Those early campaigns sparked an explosion of video and photo posts from young people showing themselves using the product at school or with friends, often under the hashtags #doit4juul or #juullife. Juul Labs Inc has since said it stopped using social media influencers and requires anyone in its ads to be a former cigarette smoker older than 35.
For Phillip Morris, the social media campaign has dinged its efforts to reposition itself as steering young people away from smoking and helping older smokers to quit.
Over the past year, Philip Morris has increasingly publicized its “mission” to prevent young people from using tobacco products. Last month, it issued a release calling on “all tobacco and e-cigarette companies to do their part to guard against youth nicotine use.”
“Let me be clear: We at Philip Morris International do not, and will not, market or sell our products to youth,” CEO André Calantzopoulos said during a speech in Boston earlier this month. “For Philip Morris International, age matters.”
When Philip Morris submitted marketing plans with an FDA application for IQOS in 2017, its sample advertisements featured models appearing at least a decade older and wearing modest, professional clothes.
Phillip Morris hasn’t been able to convince critics that its latest marketing moves aren’t sinister attempts to bypass regulations.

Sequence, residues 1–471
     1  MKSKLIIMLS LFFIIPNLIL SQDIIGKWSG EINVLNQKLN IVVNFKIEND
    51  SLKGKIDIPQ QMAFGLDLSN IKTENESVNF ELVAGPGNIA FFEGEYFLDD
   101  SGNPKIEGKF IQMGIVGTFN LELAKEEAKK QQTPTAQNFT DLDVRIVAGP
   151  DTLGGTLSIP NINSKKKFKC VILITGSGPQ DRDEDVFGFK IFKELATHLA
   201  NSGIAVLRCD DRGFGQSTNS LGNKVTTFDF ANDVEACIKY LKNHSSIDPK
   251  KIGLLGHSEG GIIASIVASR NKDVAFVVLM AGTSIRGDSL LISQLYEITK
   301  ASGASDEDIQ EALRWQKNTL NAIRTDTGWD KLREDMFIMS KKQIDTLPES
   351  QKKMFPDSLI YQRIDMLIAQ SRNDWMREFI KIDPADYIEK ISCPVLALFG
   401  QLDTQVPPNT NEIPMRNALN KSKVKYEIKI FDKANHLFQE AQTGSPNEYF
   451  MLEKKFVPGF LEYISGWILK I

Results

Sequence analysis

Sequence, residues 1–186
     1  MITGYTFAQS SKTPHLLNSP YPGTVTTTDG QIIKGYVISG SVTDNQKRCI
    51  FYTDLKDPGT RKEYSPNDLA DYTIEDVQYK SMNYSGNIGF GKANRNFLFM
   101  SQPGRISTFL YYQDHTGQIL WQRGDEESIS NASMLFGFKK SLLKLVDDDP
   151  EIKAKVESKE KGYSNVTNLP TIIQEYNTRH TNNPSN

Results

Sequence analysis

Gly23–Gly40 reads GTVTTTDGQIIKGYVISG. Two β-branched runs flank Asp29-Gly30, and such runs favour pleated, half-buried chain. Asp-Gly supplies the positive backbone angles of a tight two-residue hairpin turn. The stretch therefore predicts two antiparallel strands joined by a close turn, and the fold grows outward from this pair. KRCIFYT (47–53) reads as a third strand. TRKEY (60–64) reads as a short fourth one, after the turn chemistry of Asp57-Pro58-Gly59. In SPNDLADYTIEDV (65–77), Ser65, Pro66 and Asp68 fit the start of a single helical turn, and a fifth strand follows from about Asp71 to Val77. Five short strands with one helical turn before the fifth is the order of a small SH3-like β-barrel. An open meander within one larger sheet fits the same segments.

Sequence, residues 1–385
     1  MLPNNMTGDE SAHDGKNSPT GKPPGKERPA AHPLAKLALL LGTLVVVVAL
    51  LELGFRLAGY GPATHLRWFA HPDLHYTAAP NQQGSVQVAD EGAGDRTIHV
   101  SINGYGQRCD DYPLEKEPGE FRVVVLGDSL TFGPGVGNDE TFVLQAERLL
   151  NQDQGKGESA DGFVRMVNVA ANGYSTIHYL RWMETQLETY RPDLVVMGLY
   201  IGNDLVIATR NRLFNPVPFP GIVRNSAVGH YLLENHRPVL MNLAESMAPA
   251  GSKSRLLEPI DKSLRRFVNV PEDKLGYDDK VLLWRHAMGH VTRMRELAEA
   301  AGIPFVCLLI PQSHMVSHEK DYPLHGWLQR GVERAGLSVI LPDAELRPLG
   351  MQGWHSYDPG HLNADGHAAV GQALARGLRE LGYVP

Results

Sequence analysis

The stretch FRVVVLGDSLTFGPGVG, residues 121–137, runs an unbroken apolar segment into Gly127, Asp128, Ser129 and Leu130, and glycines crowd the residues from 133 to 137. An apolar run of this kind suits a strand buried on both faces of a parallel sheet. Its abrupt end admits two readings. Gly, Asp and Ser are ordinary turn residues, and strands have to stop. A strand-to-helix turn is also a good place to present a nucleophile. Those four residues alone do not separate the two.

The company has pivoted towards marketing smoking alternatives in recent years, with the company’s online manifesto saying it is “designing a smoke-free future.”
Mark MacGregor, Corporate Affairs Director UK and Ireland at Philip Morris International, told CNN the company was “surprised” at the criticism of its campaign. MacGregor said: “This campaign is designed to stop people smoking and to give up cigarettes as fast as possible.
“If we simply stopped selling cigarettes tomorrow, literally all that would happen is that smokers would switch to our competitors’ products,” he added.
The new campaign is drawing criticism from cancer watchdogs, however.
Deborah Arnott, chief executive of Action on Smoking and Health, said: “Wherever it’s legal, Philip Morris is still advertising its Marlboro brand. The fact of the matter is that it can no longer do that in the UK; we’re a dark market where all advertising, promotion and sponsorship is banned, and cigarettes are in plain packs.
“So, instead, Philip Morris is promoting the company name, which is inextricably linked with Marlboro. That’s why we’re suspicious. If Philip Morris really wanted a smoke-free world, it would support every country having tobacco regulations as strict as those in the UK.”
Dan Cullen-Shute, chief executive of Creature, rejected the company’s moves, decrying it as “faux-worthy, ‘we’re just trying to help’ bullshit”.
On Twitter, Phillip Morris hasn’t taken down its recent messages encouraging users to stop smoking. The company shared an animation for Mother’s Day that suggested moms should give up smoking to spend more time with their families.
— Philip Morris Intl (@InsidePMI) May 12, 2019
The incident is another reminder to companies planning to use social media influencer networks or agencies. Relying on others to adhere to your advertising standards might not work—and blaming a contractor won’t deflect the backlash.